Adopting international standards can help include cyber risk in fintech regulatory sandboxes.
The success of financial technology (fintech) in bringing banking solutions to millions in developing countries stems from its pace of change and the rapid emergence of new banking solutions such as mobile phone payments or cloud banking.
Governments from Papua New Guinea to Viet Nam are looking to reap the rewards of fintech by creating so-called regulatory “sandboxes” to test the proliferating fintech innovations and to promote competition and efficiencies. Crucially though, governments should ensure that sandboxes also prioritize cyber security safeguards that are built into the design, not added as a retro-fitted afterthought.
For fintech, sandboxes are frameworks of rules established by financial regulators for private companies to try out new technologies, products, or services that would otherwise not be possible under existing regulations. If the new technologies catch on, the regulator can provide full authorization for the new technology or alter regulations to accommodate it. Creating this controlled environment allows countries to encourage innovation while still maintaining oversight over the overall financial system.
Sandboxes are particularly useful in promoting financial inclusion. They can spur development of affordable products or services to those who are unbanked, new distribution channels for hard-to-reach populations, or fresh business models to serve marginalized communities.
Good cyber security that protects customers from a loss of money or identity is not only an individual product’s unique selling point, it is also important for the whole ecosystem, since a hack breaking into one fintech will reverberate across the whole sector.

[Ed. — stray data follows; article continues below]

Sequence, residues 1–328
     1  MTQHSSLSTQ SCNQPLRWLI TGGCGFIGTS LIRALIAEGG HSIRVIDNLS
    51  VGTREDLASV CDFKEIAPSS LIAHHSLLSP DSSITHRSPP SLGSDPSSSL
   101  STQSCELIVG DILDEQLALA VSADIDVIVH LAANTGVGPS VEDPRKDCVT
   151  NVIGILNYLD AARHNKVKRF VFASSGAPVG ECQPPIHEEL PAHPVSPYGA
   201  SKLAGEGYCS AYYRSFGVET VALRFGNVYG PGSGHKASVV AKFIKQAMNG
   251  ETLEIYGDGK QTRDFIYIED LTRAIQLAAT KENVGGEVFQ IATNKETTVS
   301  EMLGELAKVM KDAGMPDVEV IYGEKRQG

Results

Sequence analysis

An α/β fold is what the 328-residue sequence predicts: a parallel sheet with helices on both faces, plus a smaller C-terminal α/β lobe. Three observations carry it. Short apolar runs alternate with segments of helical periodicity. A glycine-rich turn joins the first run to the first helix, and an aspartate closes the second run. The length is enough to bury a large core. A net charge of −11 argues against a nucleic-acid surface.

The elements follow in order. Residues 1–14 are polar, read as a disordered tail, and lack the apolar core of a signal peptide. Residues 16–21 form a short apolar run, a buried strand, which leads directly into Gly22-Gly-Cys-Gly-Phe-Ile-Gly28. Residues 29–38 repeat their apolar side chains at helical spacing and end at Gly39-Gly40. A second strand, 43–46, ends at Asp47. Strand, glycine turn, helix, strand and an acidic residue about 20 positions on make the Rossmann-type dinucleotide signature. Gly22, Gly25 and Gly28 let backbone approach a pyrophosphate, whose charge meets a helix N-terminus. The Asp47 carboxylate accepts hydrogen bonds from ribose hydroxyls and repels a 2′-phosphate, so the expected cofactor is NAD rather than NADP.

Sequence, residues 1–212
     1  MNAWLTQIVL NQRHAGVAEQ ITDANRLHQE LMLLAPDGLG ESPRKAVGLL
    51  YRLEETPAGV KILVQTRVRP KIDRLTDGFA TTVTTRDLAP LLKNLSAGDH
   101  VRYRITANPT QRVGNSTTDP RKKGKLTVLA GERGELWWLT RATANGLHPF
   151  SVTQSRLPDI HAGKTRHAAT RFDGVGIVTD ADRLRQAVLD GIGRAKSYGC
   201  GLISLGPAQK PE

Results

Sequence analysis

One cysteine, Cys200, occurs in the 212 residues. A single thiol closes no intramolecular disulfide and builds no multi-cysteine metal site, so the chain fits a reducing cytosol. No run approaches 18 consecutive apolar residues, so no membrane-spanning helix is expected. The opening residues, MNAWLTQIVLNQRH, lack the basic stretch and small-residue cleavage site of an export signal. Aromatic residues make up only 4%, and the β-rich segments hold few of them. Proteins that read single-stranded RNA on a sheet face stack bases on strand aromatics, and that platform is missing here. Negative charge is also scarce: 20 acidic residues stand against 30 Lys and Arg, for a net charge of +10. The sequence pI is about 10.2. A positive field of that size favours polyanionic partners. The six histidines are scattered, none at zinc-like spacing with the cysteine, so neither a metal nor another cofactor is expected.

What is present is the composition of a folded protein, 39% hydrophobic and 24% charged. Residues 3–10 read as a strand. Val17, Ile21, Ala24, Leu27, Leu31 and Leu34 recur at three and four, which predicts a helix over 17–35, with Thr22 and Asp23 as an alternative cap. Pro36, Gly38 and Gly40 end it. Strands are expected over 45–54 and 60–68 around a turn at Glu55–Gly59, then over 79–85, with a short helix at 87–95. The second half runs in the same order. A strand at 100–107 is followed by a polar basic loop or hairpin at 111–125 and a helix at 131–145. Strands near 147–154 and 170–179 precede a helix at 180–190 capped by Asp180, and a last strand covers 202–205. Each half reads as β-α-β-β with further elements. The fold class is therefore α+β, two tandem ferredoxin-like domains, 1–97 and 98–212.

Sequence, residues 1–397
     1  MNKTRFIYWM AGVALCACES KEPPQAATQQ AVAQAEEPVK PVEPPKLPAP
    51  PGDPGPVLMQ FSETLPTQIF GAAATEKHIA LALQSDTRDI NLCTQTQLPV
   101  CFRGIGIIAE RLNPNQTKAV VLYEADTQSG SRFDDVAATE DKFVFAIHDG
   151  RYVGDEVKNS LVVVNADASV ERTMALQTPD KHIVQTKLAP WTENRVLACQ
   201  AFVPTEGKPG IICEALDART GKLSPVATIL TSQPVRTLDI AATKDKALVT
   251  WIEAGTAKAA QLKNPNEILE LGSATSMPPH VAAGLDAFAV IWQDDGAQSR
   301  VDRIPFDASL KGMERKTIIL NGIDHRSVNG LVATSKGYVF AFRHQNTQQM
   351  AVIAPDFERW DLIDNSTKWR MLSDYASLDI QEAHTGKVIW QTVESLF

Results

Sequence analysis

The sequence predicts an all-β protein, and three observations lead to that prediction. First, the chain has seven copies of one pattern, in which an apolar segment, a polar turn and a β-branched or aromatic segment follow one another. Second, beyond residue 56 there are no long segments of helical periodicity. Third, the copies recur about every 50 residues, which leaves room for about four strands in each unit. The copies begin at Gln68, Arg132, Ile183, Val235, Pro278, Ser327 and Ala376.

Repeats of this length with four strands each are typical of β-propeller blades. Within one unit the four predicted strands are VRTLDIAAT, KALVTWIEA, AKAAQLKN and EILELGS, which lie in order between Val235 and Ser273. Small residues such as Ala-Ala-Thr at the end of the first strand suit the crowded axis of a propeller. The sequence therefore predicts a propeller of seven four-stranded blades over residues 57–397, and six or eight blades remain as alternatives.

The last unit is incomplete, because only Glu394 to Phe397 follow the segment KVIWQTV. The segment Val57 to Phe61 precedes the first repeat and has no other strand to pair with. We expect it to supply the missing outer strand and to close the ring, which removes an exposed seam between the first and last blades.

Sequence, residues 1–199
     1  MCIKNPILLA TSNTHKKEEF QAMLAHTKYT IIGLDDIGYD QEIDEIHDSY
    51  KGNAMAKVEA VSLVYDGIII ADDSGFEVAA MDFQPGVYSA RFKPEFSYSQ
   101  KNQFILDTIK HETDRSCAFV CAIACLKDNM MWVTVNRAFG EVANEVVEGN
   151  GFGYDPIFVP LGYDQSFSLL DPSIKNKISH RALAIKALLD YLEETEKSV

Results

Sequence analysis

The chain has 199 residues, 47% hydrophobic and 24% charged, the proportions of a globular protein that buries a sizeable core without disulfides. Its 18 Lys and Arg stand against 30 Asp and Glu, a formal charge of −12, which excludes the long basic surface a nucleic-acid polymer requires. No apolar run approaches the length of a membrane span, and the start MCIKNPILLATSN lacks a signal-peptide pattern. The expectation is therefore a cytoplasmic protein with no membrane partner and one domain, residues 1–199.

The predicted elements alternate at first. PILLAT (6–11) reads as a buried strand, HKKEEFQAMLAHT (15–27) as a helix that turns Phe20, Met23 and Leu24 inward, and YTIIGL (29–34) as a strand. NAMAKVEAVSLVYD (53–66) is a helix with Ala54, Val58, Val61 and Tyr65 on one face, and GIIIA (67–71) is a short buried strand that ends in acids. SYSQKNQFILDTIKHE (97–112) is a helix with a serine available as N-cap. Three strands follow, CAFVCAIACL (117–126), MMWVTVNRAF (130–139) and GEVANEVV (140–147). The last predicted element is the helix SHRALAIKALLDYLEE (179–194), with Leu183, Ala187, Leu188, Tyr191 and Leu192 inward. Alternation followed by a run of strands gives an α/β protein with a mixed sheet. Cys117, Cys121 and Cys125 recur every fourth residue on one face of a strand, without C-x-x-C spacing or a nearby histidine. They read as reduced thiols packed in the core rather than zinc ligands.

Having an effective regulatory sandbox that includes requirements for adequate cyber security measures would benefit all fintech products and players within the sandbox. This would, in turn, boost consumer confidence, bring greater societal benefits, fintech industry business success, and help meet regulatory mandates for maintaining financial stability and security.
Including cyber security requirements into the sandbox will mean developers and software engineers need to spend more time testing code and identifying risks in development and integration.
This may be time-consuming and expensive, but is vitally important not least because non-banked and under-banked consumers may be new to technology and therefore more susceptible to phishing and other socially engineered online scams. Online hackers and real-world criminals will pounce on this vulnerability.
Data privacy—through the collection and use of personally identifying information—also needs to be addressed.
As we create more and more digital citizens, their online footprint is growing. This makes them vulnerable to exploitation and abuse where poor documentation can be taken advantage of and used for illicit purposes such as money laundering. We need appropriate rules and regulations on the collection and use of commercial data and cross-referencing with customer data, including meta-data.
Luckily, international standards are available to identify cyber risk and introduce appropriate controls. Two prominent and leading sets of standards are showing the way.
One is the ISO-IEC 27000 standard for information security management, a joint effort from the International Organization for Standardization and the International Electrotechnical Commission to help organizations of all shapes and sizes manage the security of assets such as financial information, intellectual property, employee details, or information entrusted by third parties. The other is the US National Institute of Standards and Technology’s Cyber Security Framework, a flexible and cost-effective approach consisting of standards, guidelines, and best practices to manage cyber security risks.
Individual governments and regulatory bodies need to adopt and expand on these standards when they are setting up their fintech regulatory sandboxes.
A regulatory sandbox environment should demand suitable risk management tools and techniques relevant to the fintech product or service being developed. Clearly, the goal is not to stymie innovation. Rather, it is to insert the necessary rigor into risk management and cyber security surrounding useful technological innovations.
Change will be ever-present as societies ride this wave—artificial intelligence and automation will make sure of that—yet with balanced regulation and rules in place we can stop innovative cyber criminals before they target valuable online financial services.